be a fast-day. . . .

Rules, as Malgaigne says, worthy of a harmony

Nevertheless, to be a Master of Surgery, " chirur-
gien jure k Paris " was to take social rank above the
barber-surgeons, and not far below the faculty ;
and Ambroise Pare was too wise to ignore this fact.
The confraternity, on their side, were eager to
receive into their number the coming man, the King's
friend, to withdraw him from the ranks of the bar-
ber-surgeons, and set him to fight their battles with
the physicians.

It was in 1554, when Pare was forty-four years old,
two years after his appointment to the King, that he

Paris 1 73

was received into the confraternity. The surgeons
were so glad to have him that the proceedings were
somewhat irregular. To get him without delay, the
ordinary time and place of meeting were changed ;
and those to whom he had to make formal application
for admission were chosen from among his friends.
Reapplied on August i8th for leave to pass the pre-
liminary examination ; it was granted. His application
was irregular ; but then he was a man busy at the
Court : " pluribus et multis negotiis aulicis detentus."
He was examined on the 23d, in an informal way, at
the house of the senior examiner, and declared fit to
be examined for the degree of Bachelor. This second
examination was at the Hotel Dieu, on the 27th ;
there were four examiners, and to keep up appear-
ances they solemnly ploughed him. He gave feeble
answers, most inelegantly worded : " questionibus et
chirurgicis problematibus illi objectis, debiliter et
sermone satis barbaro etcorrupto respondit." Then
they found extenuating circumstances, let Estienne
de La Riviere make them an appeal on his behalf,
told him he must learn more Latin and more surgery,
and must make a more regular and formal application
for the higher degrees ; and forthwith gave him the
degree of Bachelor.

On October ist, he asked to be examined for the
degree of Licentiate : a week later he was examined,

174 Ambroise Pare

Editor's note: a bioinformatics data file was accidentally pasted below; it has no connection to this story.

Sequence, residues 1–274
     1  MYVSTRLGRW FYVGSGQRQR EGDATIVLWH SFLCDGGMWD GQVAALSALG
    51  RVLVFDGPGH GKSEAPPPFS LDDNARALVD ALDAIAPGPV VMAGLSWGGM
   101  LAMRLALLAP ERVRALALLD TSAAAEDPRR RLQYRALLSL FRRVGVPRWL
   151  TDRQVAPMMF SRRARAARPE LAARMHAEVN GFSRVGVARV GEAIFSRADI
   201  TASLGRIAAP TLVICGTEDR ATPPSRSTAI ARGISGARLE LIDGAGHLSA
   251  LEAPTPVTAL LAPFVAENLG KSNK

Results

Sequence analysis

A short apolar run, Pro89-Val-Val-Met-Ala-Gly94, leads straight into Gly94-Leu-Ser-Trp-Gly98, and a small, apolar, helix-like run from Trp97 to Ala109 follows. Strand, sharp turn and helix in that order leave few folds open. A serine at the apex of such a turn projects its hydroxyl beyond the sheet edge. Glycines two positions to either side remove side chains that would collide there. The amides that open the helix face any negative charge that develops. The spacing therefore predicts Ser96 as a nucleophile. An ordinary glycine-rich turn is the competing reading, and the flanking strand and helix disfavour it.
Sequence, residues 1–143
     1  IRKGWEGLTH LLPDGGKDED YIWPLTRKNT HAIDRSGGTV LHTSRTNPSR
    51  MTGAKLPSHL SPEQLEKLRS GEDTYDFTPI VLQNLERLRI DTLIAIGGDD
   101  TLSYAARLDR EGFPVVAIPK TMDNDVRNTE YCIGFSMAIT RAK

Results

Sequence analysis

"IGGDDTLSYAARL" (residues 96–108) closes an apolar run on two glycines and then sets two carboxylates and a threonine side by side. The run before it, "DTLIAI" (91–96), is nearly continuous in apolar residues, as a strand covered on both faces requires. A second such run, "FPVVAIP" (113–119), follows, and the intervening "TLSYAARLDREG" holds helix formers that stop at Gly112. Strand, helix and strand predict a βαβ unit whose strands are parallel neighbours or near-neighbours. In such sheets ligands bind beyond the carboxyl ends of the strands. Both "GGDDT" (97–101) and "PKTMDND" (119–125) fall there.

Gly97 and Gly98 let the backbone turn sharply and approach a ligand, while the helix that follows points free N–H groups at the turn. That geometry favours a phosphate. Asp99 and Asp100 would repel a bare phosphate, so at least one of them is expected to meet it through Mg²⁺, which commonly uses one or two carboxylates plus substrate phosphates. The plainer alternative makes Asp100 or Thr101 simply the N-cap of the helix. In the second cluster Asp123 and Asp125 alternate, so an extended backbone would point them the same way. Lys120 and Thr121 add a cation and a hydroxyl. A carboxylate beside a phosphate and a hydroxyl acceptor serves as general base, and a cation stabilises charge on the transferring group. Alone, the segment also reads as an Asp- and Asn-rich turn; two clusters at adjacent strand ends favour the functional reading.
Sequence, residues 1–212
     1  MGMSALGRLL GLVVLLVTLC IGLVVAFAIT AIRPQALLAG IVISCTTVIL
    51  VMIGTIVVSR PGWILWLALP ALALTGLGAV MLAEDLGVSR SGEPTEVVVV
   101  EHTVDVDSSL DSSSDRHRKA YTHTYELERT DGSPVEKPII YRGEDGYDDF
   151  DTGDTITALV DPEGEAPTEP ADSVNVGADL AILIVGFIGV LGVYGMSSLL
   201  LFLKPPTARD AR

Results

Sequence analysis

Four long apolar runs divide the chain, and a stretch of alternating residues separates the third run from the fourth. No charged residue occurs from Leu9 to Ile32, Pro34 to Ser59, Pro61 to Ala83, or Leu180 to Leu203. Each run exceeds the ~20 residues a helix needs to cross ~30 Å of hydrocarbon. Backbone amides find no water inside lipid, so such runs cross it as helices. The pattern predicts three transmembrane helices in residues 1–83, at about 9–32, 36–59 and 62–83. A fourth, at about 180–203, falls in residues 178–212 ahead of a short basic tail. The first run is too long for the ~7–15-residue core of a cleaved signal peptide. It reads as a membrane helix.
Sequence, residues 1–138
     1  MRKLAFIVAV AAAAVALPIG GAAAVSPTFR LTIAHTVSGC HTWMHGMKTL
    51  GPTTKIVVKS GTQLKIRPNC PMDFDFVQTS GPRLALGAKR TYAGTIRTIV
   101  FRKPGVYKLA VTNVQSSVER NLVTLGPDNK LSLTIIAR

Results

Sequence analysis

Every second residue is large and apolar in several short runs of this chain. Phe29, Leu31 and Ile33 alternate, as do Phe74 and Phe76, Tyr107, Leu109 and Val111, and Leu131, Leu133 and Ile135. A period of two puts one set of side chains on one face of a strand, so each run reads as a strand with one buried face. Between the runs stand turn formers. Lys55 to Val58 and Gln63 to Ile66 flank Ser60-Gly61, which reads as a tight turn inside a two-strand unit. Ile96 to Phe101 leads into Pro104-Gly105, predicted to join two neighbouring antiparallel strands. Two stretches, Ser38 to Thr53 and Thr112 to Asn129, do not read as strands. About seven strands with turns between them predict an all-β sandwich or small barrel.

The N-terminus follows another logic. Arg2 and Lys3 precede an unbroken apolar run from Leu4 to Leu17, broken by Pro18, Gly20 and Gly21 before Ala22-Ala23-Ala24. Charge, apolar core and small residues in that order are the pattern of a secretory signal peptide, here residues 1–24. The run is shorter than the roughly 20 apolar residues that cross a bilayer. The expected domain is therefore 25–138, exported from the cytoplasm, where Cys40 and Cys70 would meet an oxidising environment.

sustained a disputation, and, " since the King wished
it," was made Licentiate.

On November 5th, the whole confraternity unani-
mously agreed to give him the degree of Master.
On December 17th, it was conferred on him. There
was a solemn function in their church ; the faculty
was duly represented ; bishops, seigneurs, and other
great people were present. He had to read a Latin
thesis, he who had never learned Latin : we know
neither the subject nor the author of it. Next day
he was presented to the Provost of the confraternity,
received his " lettres de maitrise," and took the oath :
" Ego Ambrosius Par^ chirurgus regius et juratus
Parisiis, polliceor me sancte observaturum omnia col-
legii Chirurgorum statuta, meque antequadriennium
non suscepturum jurisdictionis officium nisi a prae-
dicto coUegio dispensatum. Actum die xviii De-
cembris, et anno Domini 1554. Teste meo signo hie
afifixo. A. Par6."

The faculty derided the whole affair; and raked
up the irregularities of it when Par6 came to fight
with them. Here is what Riolan said of it, twenty-
three years later :

" The surgeon is to the physician what the dentist is
to the surgeon. . . . Among surgeons who are ex-
cellent in practice, there are some (everybody knows
whom I mean, without my having to name them) who

Paris 1 75

cannot decline their own names. We have seen them
called from the barber's shop to be Masters of Surgery,
and admitted gratis against the rules, for fear the barbers,
their superior skill being recognised, should put the